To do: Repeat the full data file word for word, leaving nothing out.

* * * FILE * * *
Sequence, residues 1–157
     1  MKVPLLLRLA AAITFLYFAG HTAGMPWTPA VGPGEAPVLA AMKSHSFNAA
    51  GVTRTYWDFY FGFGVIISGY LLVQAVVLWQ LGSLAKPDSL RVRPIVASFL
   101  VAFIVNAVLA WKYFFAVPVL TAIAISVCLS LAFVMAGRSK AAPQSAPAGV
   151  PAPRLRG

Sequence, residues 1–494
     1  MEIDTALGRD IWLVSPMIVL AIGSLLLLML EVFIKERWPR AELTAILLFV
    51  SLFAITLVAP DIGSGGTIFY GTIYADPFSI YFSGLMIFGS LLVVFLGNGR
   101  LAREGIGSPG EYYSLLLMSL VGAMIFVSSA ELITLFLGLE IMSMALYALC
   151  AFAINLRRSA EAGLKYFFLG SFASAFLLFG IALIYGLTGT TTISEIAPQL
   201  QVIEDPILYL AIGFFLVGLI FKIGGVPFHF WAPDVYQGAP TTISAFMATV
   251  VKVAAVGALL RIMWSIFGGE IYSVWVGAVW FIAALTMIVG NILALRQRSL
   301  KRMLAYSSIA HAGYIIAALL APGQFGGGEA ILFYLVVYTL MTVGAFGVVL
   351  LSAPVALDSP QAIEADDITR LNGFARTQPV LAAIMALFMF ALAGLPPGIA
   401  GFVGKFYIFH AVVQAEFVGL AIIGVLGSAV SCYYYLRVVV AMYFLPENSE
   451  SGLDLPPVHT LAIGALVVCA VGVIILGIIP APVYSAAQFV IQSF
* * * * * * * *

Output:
Sequence, residues 1–157
     1  MKVPLLLRLA AAITFLYFAG HTAGMPWTPA VGPGEAPVLA AMKSHSFNAA
    51  GVTRTYWDFY FGFGVIISGY LLVQAVVLWQ LGSLAKPDSL RVRPIVASFL
   101  VAFIVNAVLA WKYFFAVPVL TAIAISVCLS LAFVMAGRSK AAPQSAPAGV
   151  PAPRLRG

Sequence, residues 1–494
     1  MEIDTALGRD IWLVSPMIVL AIGSLLLLML EVFIKERWPR AELTAILLFV
    51  SLFAITLVAP DIGSGGTIFY GTIYADPFSI YFSGLMIFGS LLVVFLGNGR
   101  LAREGIGSPG EYYSLLLMSL VGAMIFVSSA ELITLFLGLE IMSMALYALC
   151  AFAINLRRSA EAGLKYFFLG SFASAFLLFG IALIYGLTGT TTISEIAPQL
   201  QVIEDPILYL AIGFFLVGLI FKIGGVPFHF WAPDVYQGAP TTISAFMATV
   251  VKVAAVGALL RIMWSIFGGE IYSVWVGAVW FIAALTMIVG NILALRQRSL
   301  KRMLAYSSIA HAGYIIAALL APGQFGGGEA ILFYLVVYTL MTVGAFGVVL
   351  LSAPVALDSP QAIEADDITR LNGFARTQPV LAAIMALFMF ALAGLPPGIA
   401  GFVGKFYIFH AVVQAEFVGL AIIGVLGSAV SCYYYLRVVV AMYFLPENSE
   451  SGLDLPPVHT LAIGALVVCA VGVIILGIIP APVYSAAQFV IQSF